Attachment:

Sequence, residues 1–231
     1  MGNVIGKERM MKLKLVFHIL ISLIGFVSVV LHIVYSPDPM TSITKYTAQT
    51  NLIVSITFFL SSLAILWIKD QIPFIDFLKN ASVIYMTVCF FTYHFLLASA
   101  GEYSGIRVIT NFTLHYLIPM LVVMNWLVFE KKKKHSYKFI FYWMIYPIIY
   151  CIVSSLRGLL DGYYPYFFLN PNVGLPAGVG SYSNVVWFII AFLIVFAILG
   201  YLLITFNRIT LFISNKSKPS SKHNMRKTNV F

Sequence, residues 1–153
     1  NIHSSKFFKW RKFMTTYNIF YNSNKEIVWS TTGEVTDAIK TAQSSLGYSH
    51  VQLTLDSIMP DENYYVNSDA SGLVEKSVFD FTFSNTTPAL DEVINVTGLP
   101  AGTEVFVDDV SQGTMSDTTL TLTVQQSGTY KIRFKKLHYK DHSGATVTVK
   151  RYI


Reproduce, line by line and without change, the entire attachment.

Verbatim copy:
Sequence, residues 1–231
     1  MGNVIGKERM MKLKLVFHIL ISLIGFVSVV LHIVYSPDPM TSITKYTAQT
    51  NLIVSITFFL SSLAILWIKD QIPFIDFLKN ASVIYMTVCF FTYHFLLASA
   101  GEYSGIRVIT NFTLHYLIPM LVVMNWLVFE KKKKHSYKFI FYWMIYPIIY
   151  CIVSSLRGLL DGYYPYFFLN PNVGLPAGVG SYSNVVWFII AFLIVFAILG
   201  YLLITFNRIT LFISNKSKPS SKHNMRKTNV F

Sequence, residues 1–153
     1  NIHSSKFFKW RKFMTTYNIF YNSNKEIVWS TTGEVTDAIK TAQSSLGYSH
    51  VQLTLDSIMP DENYYVNSDA SGLVEKSVFD FTFSNTTPAL DEVINVTGLP
   101  AGTEVFVDDV SQGTMSDTTL TLTVQQSGTY KIRFKKLHYK DHSGATVTVK
   151  RYI